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Número de publicaciónUS8142746 B2
Tipo de publicaciónConcesión
Número de solicitudUS 12/321,752
Fecha de publicación27 Mar 2012
Fecha de presentación23 Ene 2009
Fecha de prioridad21 Feb 2008
También publicado comoCA2716322A1, CA2716328A1, CA2716333A1, CN102006921A, CN102015066A, CN102036734A, CN102036734B, EP2249946A2, EP2254683A1, EP2254683B1, EP2259861A2, EP2259861B1, US20090211441, WO2009105271A2, WO2009105271A3
Número de publicación12321752, 321752, US 8142746 B2, US 8142746B2, US-B2-8142746, US8142746 B2, US8142746B2
InventoresSebastian C. Reyes, Zheng Ni, Charanjit S. Paur, Pavel Kortunov, John Zengel, Harry W. Deckman
Cesionario originalExxonmobil Research And Engineering Company
Exportar citaBiBTeX, EndNote, RefMan
Enlaces externos: USPTO, Cesión de USPTO, Espacenet
Separation of carbon dioxide from methane utilizing zeolitic imidazolate framework materials
US 8142746 B2
Resumen
The present invention relates to the selective separation of carbon dioxide (“CO2”) from methane (“CH4”) in streams containing both carbon dioxide and methane utilizing a zeolitic imidazolate framework (“ZIF”) material. Preferably, the stream to be separated is fed to the present process in a substantially gaseous phase. In preferred embodiments, the current invention is utilized in a process to separate carbon dioxide from natural gas streams preferably for sequestration of at least a portion of the carbon dioxide present in the natural gas.
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Reclamaciones(21)
1. A process for separating CO2 from a process feedstream, comprising:
a) contacting an adsorbent bed comprised of a zeolitic imidazolate framework material with a process feedstream comprising CO2 and CH4 at a first pressure and first temperature;
b) adsorbing at least a portion of the CO2 in the adsorbent bed, thereby producing a CO2-lean product stream,
wherein the CO2-lean product stream has a lower concentration of CO2 by vol % than the process feedstream; and
c) producing a CO2-rich product stream at a second pressure and second temperature, wherein the CO2-rich product stream has a higher concentration of CO2 by vol % than the process feedstream;
wherein the zeolitic imidazolate framework material has a framework structure wherein each vertex of the framework structure is comprised of a single metal ion and each pair of connected adjacent vertices of the framework structure is linked by nitrogen atoms of an imidazolate anion or its derivative, and wherein the zeolitic imidazolate framework material has an adsorptive loading ratio for CO2 over CH4 of at least 10; and the adsorptive loading ratio for CO2 over CH4 is measured at 301 K and 106.6 kPa.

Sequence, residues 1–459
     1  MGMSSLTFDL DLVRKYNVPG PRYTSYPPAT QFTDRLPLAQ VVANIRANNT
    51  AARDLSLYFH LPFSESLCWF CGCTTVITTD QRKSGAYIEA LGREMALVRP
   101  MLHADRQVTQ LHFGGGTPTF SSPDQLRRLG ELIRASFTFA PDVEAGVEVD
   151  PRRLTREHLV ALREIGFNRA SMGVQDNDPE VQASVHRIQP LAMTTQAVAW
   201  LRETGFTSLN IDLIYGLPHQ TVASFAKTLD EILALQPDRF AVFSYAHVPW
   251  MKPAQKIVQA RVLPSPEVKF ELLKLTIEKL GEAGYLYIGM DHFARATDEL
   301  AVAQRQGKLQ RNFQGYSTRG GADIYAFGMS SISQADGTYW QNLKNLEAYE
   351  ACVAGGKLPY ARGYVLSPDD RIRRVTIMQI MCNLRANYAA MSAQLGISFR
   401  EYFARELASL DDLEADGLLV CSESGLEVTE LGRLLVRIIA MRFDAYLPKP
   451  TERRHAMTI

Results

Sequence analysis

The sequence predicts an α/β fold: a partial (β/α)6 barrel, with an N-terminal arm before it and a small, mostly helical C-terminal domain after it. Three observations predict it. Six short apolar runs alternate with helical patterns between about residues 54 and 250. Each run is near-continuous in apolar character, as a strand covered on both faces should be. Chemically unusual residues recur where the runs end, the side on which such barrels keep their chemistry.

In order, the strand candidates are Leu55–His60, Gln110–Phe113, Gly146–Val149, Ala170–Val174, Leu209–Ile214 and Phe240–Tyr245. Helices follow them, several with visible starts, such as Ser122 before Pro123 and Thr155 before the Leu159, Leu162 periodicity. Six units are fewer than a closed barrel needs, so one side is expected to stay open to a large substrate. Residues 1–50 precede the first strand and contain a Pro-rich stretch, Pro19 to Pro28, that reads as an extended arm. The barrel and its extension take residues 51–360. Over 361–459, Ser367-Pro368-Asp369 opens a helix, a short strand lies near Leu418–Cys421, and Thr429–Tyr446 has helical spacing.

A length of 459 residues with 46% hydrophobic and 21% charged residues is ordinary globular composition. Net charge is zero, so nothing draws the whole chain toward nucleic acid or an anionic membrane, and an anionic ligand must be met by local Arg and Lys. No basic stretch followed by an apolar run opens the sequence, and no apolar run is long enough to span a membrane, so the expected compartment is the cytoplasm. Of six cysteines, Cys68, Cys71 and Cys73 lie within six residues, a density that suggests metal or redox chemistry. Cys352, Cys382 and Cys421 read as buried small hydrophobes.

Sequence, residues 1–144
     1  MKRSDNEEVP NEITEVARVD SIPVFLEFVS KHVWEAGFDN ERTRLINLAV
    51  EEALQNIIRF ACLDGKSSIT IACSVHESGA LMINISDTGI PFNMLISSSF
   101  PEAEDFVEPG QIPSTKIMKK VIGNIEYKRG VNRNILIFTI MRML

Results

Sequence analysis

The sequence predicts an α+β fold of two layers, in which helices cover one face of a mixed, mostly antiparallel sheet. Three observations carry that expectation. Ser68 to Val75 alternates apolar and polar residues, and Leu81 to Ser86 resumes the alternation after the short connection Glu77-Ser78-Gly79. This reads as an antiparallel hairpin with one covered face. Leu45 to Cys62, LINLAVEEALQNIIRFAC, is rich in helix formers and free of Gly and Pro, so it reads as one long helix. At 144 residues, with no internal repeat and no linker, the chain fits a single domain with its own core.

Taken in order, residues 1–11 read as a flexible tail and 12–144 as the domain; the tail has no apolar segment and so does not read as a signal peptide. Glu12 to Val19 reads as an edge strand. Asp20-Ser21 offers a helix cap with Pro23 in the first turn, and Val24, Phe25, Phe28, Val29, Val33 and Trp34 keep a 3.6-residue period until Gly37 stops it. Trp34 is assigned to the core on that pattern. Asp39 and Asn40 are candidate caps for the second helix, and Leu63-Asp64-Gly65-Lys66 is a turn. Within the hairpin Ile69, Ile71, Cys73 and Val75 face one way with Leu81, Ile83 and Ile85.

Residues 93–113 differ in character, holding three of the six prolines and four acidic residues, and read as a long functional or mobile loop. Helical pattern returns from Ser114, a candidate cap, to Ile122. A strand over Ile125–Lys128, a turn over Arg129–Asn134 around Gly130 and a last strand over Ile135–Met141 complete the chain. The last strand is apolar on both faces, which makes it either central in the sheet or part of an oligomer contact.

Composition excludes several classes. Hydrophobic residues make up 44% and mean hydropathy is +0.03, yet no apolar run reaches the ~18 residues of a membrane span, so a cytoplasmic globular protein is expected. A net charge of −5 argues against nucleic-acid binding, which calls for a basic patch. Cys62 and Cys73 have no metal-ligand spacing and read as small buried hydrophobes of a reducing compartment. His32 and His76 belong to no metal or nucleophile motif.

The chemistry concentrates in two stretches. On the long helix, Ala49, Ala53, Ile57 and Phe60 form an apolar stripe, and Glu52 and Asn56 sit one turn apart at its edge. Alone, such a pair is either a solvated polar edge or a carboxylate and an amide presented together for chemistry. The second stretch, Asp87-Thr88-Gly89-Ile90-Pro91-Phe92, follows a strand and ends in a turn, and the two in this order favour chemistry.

2. The process of claim 1, wherein the CO2 partial pressure in step a) is greater than the CO2 partial pressure in step d).
3. The process of claim 1, wherein the first pressure is greater than the second pressure.
4. The process of claim 2, wherein the second temperature is greater than the first temperature.
5. The process of claim 2, wherein the steps of the process are part of a rapid cycle swing adsorption process and the cycle time of the rapid cycle swing adsorption process is less than about 1 minute.
6. The process of claim 2, wherein the process is a swing adsorption process and the difference between the maximum and minimum CO2 partial pressures achieved in the adsorbent bed during a cycle is less than 300 kPa.
7. The process of claim 2, wherein the CO2 partial pressure of the process feedstream in step a) is less than about 200 kPa.
8. The process of claim 1, wherein the process feedstream is comprised of a natural gas.
9. The process of claim 8, wherein at least a portion of the CO2-lean product stream is utilized to make a final natural gas product.
10. The process of claim 8, wherein the process feedstream has a CO2 content of at least about 10 vol % and the CO2-lean product stream has a CO2 content of less than about 5 vol %.
11. The process of claim 10, wherein the pressure of the process feedstream is at least 500 psig.
12. The process of claim 11, wherein the pressure of the CO2-lean product stream is at least 250 psig.
13. The process of claim 1, wherein the process feedstream is comprised of a synthetically produced gas and the CO2-lean product stream has a CO2 content of less than 5 vol %.
14. The process of claim 1, wherein the process feedstream is comprised of an organically derived gas stream selected from a landfill produced gas and a biogenically produced gas.
15. The process of claim 14, wherein the CO2 partial pressure of the process feedstream in step a) is less than about 200 kPa.
16. The process of claim 14, wherein the temperature of the organically derived gas stream is reduced prior to contacting the adsorbent bed in step a).